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How Can I Find a Keratoconus Specialist?

If you’ve just been diagnosed with keratoconus or have a family history, you’ll want to find the best keratoconus specialist near you for your ongoing treatment.

Keratoconus Develops Rapidly

One of the differences between keratoconus and other eye diseases is how quickly it can progress. With an eye disease that changes often, it is important to find an eye doctor you feel comfortable with. Keratoconus requires an ongoing relationship with frequent appointments for best management.

An optometrist that specializes in diagnosing keratoconus and the treatment of keratoconus will often have special equipment allowing them to recognize keratoconus sooner than other optometry clinics.

Sometimes Develops in Families

While it is not known exactly what causes keratoconus, one factor is that it can sometimes be hereditary. If your family has a history of keratoconus, it is recommended to find an eye doctor near you that specializes in keratoconus for early detection. Keratoconus can start developing during the teenage years.

Treating Keratoconus

Treatment options for keratoconus may include eyeglasses or contact lenses, custom scleral contact lenses or custom rigid gas permeable lenses, Intacs, corneal collagen cross linking, and eye surgery or a cornea transplant.

In the early stages, patients are often fitted for glasses or contact lenses. The prescription may change often as the disease progresses.

Custom scleral contact lenses are often prescribed as they can be more comfortable for patients with keratoconus as they vault over the cornea of the eye. Patients with keratoconus have a cone-shaped cornea which may make it difficult to wear soft contact lenses. It can be helpful if the optometrist managing your keratoconus is also able to fit you for custom scleral contact lenses. Many patients that suffer from corneal eye diseases will find custom scleral contact lenses a good option.

If Intacs, corneal crosslinking, and/or cornea surgery or corneal transplants is recommended, your eye doctor will refer you to an ophthalmologist who specializes in the surgical treatment of keratoconus. Together, both eye doctors will develop an individualized treatment plan before and after the surgery and will co-manage the treatment of your keratoconus.

Keratoconus Specialists Stay Informed

Having a cornea eye specialist managing your keratoconus means they stay informed of the latest treatments and best practices for managing keratoconus.

When looking for a keratoconus specialist to treat your eye disease, find an eye doctor near you that:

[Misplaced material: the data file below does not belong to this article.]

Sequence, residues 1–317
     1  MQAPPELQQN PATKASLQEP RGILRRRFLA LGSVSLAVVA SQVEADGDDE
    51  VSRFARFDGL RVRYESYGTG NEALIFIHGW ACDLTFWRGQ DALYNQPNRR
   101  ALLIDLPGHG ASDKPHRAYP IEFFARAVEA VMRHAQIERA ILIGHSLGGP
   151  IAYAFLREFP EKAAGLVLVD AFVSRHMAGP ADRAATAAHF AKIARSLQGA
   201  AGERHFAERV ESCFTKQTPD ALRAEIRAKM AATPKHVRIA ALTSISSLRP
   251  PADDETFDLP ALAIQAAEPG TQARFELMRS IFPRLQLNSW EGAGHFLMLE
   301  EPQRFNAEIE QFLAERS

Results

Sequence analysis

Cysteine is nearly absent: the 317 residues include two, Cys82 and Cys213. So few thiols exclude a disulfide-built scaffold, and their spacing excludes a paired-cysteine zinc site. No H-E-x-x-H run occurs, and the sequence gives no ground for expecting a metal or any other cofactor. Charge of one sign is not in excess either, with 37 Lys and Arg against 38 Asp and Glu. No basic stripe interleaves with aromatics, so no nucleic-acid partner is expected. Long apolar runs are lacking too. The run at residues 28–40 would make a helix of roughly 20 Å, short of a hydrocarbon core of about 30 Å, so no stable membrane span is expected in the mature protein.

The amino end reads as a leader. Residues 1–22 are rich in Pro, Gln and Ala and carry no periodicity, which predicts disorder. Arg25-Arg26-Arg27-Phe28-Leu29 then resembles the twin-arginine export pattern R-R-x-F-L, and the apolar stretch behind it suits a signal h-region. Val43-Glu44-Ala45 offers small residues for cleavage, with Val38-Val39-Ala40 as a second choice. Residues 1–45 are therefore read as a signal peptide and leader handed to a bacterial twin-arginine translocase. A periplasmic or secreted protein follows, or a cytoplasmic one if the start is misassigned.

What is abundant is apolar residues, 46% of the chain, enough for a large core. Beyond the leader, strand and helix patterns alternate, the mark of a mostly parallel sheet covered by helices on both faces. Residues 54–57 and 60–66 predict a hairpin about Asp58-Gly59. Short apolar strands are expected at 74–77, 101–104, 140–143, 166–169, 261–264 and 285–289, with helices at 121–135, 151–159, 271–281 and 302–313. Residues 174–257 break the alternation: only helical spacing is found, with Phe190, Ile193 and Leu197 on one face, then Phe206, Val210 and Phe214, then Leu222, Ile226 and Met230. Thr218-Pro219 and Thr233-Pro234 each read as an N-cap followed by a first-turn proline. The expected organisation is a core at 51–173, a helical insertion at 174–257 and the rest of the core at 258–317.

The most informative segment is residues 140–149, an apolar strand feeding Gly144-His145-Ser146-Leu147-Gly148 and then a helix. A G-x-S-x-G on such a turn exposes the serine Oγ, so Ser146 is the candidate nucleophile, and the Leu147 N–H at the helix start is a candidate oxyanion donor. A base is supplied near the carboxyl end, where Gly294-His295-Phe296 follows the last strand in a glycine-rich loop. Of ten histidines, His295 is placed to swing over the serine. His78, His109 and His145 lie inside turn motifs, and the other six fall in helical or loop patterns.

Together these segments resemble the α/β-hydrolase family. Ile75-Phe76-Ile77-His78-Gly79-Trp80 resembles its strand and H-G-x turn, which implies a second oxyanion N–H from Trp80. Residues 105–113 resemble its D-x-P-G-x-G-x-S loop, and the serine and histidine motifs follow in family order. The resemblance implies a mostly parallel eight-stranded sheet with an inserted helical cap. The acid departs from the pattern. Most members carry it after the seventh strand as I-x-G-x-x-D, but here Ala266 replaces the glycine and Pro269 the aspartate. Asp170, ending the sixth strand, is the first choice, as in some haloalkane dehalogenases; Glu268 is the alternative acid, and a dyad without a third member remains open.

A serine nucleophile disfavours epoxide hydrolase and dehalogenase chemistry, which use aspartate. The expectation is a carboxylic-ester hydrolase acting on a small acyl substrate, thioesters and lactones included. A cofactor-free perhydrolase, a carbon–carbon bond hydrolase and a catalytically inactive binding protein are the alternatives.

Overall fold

• You feel comfortable with,
  • Has the necessary equipment for early detection of keratoconus,
  • Can fit you with custom scleral contact lenses,
  • Works with an ophthalmologist specializing in keratoconus surgical options if your corneal disease progresses and requires surgery,
  • Regularly works with other keratoconus patients and specializes in the treatment of keratoconus.

Albuquerque Optometrists that Specialize in Keratoconus

The optometrists at Eyes of New Mexico Family Optometry and Contact Lenses in Albuquerque are specialists in treating keratoconus. If you or your family has a keratoconus diagnosis or you’d like to find out, book an appointment at our Albuquerque clinic. We’ll get started with an eye exam to see where we can improve vision and increase the comfort of your eyes.

Is there a link between Keratoconus and Sleep Apnea?

If you’re sleepy during the day, you may attribute that to vision problems associated with keratoconus. But studies have found that people with keratoconus are at a higher rate of having Sleep Apnea than patients without keratoconus.

What is Keratoconus?

Having keratoconus means the cornea starts to thin and bulge into a cone shape. People with this eye disorder will often have decreased vision, blurry vision, and sensitivity to light and glare. This eye disorder generally worsens over time.

Those with a family history of keratoconus are at higher risk for developing it themselves. Individuals with Down syndrome, Marfan syndrome, or a congenital disorder are also known to develop Keratoconus. 

What is Obstructive Sleep Apnea?

If you stop breathing involuntarily briefly while sleeping, you may have sleep apnea. This can happen hundreds of times during your sleep without waking you so you don’t even notice it.

There are three types of sleep apnea provided on the Sleep Foundation website:

  • Obstructive Sleep Apnea (OSA): OSA occurs when the airway at the back of the throat becomes physically blocked. That obstruction causes temporary lapses in the breath.
  • Central Sleep Apnea (CSA): CSA happens because there is a problem with the brain’s system for controlling muscles involved in respiration, leading to slower and shallower breathing. This is a rare form of sleep apnea.
  • Mixed Sleep Apnea: When a person has both OSA and CSA at the same time, it is referred to as mixed sleep apnea or complex sleep apnea.

Obstructive Sleep Apnea is a common sleep disorder that affects children and adults. Obesity, having a large neck, a family history, or excessive drug and alcohol use, can all lead to an increased risk of developing or having OSA. 

Research on Keratoconus and OSA

A 2018 study published in Cornea, found that “OSA was 10 to 20 times more prevalent among patients with KCN than the rate reported for the general population.”

This 2019 study reviewed five studies on the association between keratoconus and OSA and found there is a correlation.

Researchers aren’t entirely sure why there is a link between keratoconus and OSA, but multiple studies have found this to be the case. 

Do I have OSA?